• Misclassifying with a managerial title. Giving an employee the title of “manager” or “assistant manager” sometimes allows employers to avoid allowing overtime compensation, meal breaks, or rest periods. Having this title may be attractive to some employees, so they may accept it without understanding their rights. However, it is the job duties, not the job title, that determines whether an employee is exempt from these benefits.In California, to be exempt from overtime pay due to managerial status, you must have specific job duties that take up 50% or more of your time. These duties include regularly overseeing the work of 2 or more employees, regularly exercising power and managerial decision-making, being able to fire and hire employees, and having the power to make comments regarding personnel that are given weight by the employer. Additionally, you must be making at least two times the minimum wage monthly.
  • Misclassifying employees as exempt. Exempt employees are generally paid a salary instead of by the hour, which makes them exempt from overtime pay. Specific guidelines must be met for an employee to legally qualify as exempt, similar to those in a managerial role. Employers may attempt to misclassify employees this way to avoid paying them overtime or giving them meal or rest breaks, which are the legal rights of non-exempt employees.

What to Do If You Suspect You are a Victim of Wage and Hour Violations

Discussing your situation with an experienced Los Angeles wage and hour lawyer is a wise first step if you think your employer is violating wage or hour laws. Additionally, you will want to gather any evidence to support your claim. Pay stubs, working hours, and any proof or records of your time spent working will be helpful in building a strong case.

Decide how you will file your claim. An attorney can help you understand your choices and allow you to make an informed decision. You may decide to file a claim with the California Division of Labor Standards or sue your employer directly. You can also file a complaint with the Wage and Hour Division of the Department of Labor. Be sure to file your claim within three years of the violation, as that is the statute of limitations for these types of cases.

FAQs About Wage and Hour Law in California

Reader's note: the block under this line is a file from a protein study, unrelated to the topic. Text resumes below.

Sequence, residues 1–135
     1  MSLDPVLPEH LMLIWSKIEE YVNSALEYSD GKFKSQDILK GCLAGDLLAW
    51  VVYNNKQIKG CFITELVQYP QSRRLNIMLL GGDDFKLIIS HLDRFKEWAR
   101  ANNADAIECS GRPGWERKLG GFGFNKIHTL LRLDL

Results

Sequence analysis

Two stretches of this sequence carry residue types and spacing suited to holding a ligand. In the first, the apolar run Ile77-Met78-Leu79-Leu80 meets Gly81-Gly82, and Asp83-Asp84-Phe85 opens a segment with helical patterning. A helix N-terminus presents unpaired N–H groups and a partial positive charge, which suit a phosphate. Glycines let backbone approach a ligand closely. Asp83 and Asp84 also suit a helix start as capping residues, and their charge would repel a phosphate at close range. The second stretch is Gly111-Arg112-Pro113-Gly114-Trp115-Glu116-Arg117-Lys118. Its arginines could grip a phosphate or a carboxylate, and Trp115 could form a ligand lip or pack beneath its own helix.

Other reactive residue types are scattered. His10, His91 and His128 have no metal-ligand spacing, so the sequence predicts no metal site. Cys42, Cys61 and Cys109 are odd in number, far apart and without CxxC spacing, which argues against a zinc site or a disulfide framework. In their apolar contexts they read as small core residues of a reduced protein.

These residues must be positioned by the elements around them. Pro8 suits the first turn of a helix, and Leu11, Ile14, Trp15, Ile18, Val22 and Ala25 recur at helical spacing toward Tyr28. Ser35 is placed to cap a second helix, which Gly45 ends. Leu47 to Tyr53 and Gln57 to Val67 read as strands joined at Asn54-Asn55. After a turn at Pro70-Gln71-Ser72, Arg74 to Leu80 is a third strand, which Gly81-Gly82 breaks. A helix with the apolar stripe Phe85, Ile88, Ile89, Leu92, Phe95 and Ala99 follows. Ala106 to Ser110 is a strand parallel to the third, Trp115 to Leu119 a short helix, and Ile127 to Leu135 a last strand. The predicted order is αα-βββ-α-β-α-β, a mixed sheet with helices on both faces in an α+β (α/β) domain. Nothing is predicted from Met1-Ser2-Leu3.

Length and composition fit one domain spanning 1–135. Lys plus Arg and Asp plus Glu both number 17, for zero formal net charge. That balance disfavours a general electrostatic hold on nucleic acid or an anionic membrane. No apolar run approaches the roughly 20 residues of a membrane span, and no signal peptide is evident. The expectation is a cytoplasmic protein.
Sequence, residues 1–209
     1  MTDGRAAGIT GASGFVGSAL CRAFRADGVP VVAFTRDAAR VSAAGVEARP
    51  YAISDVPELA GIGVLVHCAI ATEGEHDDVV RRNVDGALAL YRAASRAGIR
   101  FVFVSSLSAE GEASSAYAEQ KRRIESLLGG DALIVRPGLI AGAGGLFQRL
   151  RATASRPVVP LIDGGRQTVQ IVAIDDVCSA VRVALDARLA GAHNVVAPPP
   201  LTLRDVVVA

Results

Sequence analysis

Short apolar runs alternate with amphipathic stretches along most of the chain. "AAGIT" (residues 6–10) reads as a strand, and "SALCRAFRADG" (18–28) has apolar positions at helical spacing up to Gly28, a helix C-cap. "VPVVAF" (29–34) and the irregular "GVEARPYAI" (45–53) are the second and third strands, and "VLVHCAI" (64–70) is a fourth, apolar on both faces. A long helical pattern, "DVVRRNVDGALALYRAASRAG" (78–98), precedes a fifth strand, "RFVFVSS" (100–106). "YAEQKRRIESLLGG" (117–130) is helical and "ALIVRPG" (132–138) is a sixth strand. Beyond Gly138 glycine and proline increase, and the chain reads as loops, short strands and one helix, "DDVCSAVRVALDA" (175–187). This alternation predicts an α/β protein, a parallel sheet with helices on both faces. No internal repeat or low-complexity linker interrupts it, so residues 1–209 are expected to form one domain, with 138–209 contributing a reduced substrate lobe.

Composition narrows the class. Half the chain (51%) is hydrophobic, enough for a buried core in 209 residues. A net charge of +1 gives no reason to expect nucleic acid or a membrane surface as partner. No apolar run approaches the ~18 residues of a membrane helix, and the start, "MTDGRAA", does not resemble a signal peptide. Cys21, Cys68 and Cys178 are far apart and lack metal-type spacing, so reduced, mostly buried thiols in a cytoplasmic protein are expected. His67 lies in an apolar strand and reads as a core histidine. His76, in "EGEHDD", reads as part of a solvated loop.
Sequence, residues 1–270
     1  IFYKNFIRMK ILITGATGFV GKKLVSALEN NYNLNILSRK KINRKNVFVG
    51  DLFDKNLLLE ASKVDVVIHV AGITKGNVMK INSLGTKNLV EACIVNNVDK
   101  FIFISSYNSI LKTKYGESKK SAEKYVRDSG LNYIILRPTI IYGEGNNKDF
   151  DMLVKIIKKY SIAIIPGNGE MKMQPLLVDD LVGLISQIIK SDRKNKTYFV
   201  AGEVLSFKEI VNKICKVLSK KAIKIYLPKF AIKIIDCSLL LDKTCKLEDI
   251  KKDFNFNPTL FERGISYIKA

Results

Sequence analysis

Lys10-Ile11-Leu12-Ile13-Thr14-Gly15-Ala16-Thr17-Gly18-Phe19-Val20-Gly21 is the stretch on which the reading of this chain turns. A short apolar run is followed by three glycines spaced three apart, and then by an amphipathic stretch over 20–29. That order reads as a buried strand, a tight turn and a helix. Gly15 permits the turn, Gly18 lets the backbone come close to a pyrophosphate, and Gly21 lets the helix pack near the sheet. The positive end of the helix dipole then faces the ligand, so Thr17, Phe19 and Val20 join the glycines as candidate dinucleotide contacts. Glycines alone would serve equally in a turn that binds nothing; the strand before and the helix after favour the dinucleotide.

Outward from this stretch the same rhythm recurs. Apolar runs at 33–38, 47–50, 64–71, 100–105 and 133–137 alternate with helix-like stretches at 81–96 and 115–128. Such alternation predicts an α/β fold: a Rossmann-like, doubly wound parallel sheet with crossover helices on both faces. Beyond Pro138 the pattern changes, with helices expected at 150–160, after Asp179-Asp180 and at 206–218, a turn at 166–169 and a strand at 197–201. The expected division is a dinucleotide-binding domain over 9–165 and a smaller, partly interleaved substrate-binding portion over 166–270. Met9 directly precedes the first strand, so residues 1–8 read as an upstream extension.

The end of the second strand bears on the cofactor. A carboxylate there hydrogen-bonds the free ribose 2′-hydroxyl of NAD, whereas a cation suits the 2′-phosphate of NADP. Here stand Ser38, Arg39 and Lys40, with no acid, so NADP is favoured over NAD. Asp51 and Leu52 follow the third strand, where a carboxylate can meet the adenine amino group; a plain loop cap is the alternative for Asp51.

How Much Does a Wage and Hour Lawyer Cost in Los Angeles?

The cost of hiring a lawyer in Los Angeles varies widely depending on the type of case and the pricing structure a law firm uses. California attorneys can charge as much as $1000 an hour, with the average cost being between $164 and $422 per hour. The Law Office of Omid Nosrati has a “No Recovery, No Fee” policy, which means you won’t be charged unless we help you reach a settlement or win a case.

What Does a Los Angeles Wage and Hour Attorney Do?

Wage and hour attorneys work with employees who have been the victim of wage and hour violations from their employer. This means the employee hasn’t been fully and/or properly paid for the work they’ve done. Wage and hour violations could present in a variety of ways, including denial of overtime pay, falsifying work records, failing to provide required rest or meal breaks, and more.

What Questions Should You Ask a Wage and Hour Attorney in California?

Finding an attorney who specializes in the area you need legal help in is always beneficial. Asking questions before you commit to working with a lawyer is a great way to find out if they are experienced and knowledgeable in wage and hour violation law. Ask questions about their experience, what percentage of their practice is dedicated to employment law, and whether they have handled (and won) cases similar to yours.

How Much Is a Wage and Hour Dispute Lawyer Consultation Fee in California?

Lawyer consultation fees in California can be as high as $450, depending on the law firm and type of case. When you might already be experiencing financial hardship due to being improperly compensated at your job, this can be an unmanageable expense. Contact The Law Office of Omid Nosrati to have your case reviewed by our expert team.

Do Undocumented Workers Have Rights Under Wage and Hour Laws?

Undocumented workers have generally the same rights as other workers when it comes to wage and hour laws. You should not be denied overtime pay or be asked to sacrifice meal and rest breaks due to undocumented status. Undocumented workers cannot collect unemployment insurance in California, however, due to the fact they are not “available for work” since they are not legally eligible for work.

Contact Our Los Angeles Wage and Hour Attorneys Today

Going up against your employer in a wage and hour dispute isn’t something you want to do alone. While the law is likely on your side, you need the proper evidence and elements of proof for a successful claim. An experienced attorney can gather evidence, strengthen your case, and fight for fair compensation for your lost wages, overtime pay, and other penalties. There are many situations in which a lawyer can be a significant benefit to you as a California employee. To speak with an experienced employment law lawyer in Los Angeles, count on The Law Office of Omid Nosrati. Call (310) 553-5630 or contact our law office online for a free consultation.